Amongst the different sampradayas (Vaisnava sects) either Radha-Krsna or Laksmi-Narayana is worshiped
SB Canto 4
My dear Lord, I wish to see You exactly in the form that Your very dear devotees worship. You have many other forms, but I wish to see Your form that is especially liked by the devotees. Please be merciful upon me and show me that form, for only that form worshiped by the devotees can perfectly satisfy all the demands of the senses.
In the śruti, or veda-mantra, it is said that the Supreme Absolute Truth is sarva-kāmaḥ sarva-gandhaḥ sarva-rasaḥ, or, in other words, He is known as raso vai saḥ, the source of all relishable relationships (rasas). We have various senses—the powers of seeing, tasting, smelling, touching, etc.—and all the propensities of our senses can be satisfied when the senses are engaged in the service of the Lord. Hṛṣīkeṇa hṛṣīkeśa-sevanaṁ bhaktir ucyate: "Bhakti means engaging all the senses in the service of the master of the senses, Hṛṣīkeśa." (Nārada Pañcarātra) These material senses, however, cannot be engaged in the service of the Lord; therefore one has to become free from all designations. Sarvopādhi-vinirmuktaṁ tatparatvena nirmalam (CC Madhya 19.170). One has to become free from all designation or false egotism and thus become purified. When we engage our senses in the service of the Lord, the desires or the inclinations of the senses can be perfectly fulfilled. Lord Śiva therefore wants to see the Lord in a form which is inconceivable to the Bauddha philosophers, or the Buddhists.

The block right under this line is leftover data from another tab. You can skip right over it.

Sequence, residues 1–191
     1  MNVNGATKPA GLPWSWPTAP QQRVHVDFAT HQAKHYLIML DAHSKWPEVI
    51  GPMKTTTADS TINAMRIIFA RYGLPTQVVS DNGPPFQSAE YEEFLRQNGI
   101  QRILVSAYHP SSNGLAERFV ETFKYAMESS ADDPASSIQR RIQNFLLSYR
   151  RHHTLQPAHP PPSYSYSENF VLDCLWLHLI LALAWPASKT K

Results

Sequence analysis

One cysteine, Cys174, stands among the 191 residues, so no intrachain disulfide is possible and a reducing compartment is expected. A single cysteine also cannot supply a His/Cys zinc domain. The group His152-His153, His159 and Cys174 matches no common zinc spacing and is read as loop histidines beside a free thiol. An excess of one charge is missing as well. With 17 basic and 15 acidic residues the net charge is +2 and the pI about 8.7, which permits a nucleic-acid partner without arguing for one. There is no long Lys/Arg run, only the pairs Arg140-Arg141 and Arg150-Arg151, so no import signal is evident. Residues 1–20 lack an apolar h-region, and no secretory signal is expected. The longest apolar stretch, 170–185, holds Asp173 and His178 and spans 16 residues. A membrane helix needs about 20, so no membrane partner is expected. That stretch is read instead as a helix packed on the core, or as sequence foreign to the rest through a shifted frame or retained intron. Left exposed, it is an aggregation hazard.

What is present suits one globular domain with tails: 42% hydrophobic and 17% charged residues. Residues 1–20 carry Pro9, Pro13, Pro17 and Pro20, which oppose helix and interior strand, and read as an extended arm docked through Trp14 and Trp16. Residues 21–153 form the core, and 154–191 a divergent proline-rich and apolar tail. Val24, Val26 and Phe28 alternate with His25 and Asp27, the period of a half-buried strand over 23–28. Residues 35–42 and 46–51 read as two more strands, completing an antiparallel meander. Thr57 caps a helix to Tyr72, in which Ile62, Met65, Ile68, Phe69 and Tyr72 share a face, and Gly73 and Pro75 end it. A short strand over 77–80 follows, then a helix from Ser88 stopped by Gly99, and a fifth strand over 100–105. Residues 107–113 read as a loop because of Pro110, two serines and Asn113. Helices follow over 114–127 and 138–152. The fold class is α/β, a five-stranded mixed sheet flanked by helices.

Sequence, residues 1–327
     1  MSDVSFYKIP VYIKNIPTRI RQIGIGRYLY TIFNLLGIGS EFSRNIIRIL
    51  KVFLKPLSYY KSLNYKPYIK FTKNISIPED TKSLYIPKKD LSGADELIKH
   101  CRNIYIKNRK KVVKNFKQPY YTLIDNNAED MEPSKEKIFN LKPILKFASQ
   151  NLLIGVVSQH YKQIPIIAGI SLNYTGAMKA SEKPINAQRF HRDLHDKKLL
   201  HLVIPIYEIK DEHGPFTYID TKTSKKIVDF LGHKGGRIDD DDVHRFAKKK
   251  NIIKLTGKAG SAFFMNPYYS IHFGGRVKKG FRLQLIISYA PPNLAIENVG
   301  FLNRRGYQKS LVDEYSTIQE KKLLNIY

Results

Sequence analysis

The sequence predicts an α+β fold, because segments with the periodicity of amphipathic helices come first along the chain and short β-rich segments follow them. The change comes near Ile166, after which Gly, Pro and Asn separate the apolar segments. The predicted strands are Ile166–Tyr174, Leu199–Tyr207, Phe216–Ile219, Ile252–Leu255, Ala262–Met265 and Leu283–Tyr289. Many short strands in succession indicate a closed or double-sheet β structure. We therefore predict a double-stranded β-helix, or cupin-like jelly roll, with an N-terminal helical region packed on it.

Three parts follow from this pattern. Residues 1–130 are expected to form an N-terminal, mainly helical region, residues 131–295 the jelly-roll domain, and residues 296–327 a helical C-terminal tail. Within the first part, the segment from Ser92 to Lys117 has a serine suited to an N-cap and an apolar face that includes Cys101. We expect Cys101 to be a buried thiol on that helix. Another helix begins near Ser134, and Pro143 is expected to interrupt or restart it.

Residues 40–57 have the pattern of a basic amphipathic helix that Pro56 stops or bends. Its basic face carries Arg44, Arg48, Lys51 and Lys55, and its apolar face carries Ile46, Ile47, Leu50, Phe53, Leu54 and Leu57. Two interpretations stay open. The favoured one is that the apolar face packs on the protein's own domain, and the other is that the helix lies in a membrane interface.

The impersonalists and the voidists also have to see the form of the Absolute. In Buddhist temples there are forms of Lord Buddha in meditation, but these are not worshiped like the forms of the Lord in Vaiṣṇava temples (forms like Rādhā-Kṛṣṇa, Sītā-Rāma or Lakṣmī-Nārāyaṇa). Amongst the different sampradāyas (Vaiṣṇava sects) either Rādhā-Kṛṣṇa or Lakṣmī-Nārāyaṇa is worshiped. Lord Śiva wants to see that form perfectly, just as the devotees want to see it. The words rūpaṁ priyatamaṁ svānām are specifically mentioned here, indicating that Lord Śiva wants to see that form which is very dear to the devotees. The word svānām is especially significant because only the devotees are very, very dear to the Supreme Personality of Godhead. The jñānīs, yogīs and karmīs are not particularly dear, for the karmīs simply want to see the Supreme Personality of Godhead as their order supplier. The jñānīs want to see Him to become one with Him, and the yogīs want to see Him partially represented within their heart as Paramātmā, but the bhaktas, or the devotees, want to see Him in His complete perfection. As stated in Brahma-saṁhitā (5.30):
- veṇuṁ kvaṇantam aravinda-dalāyatākṣaṁ
- barhāvataṁsam asitāmbuda-sundarāṅgam
- govindam ādi-puruṣaṁ tam ahaṁ bhajāmi
"I worship Govinda, the primeval Lord, who is adept at playing on His flute, whose eyes are blooming like lotus petals, whose head is bedecked with peacock feathers, whose beauty is tinged with the hue of blue clouds, and whose unique loveliness charms millions of Cupids." Thus Lord Śiva's desire is to see the Supreme Personality of Godhead as He is described in this way-that is, he wants to see Him as He appears to the bhāgavatas, the devotees. The conclusion is that Lord Śiva wants to see Him in complete perfection and not in the impersonalist or voidist way. Although the Lord is one in His various forms (advaitam acyutam anādim), still His form as the young enjoyer of the gopīs and companion of the cowherd boys (kiśora-mūrti) is the most perfect form. Thus Vaiṣṇavas accept the form of the Lord in His Vṛndāvana pastimes as the chief form.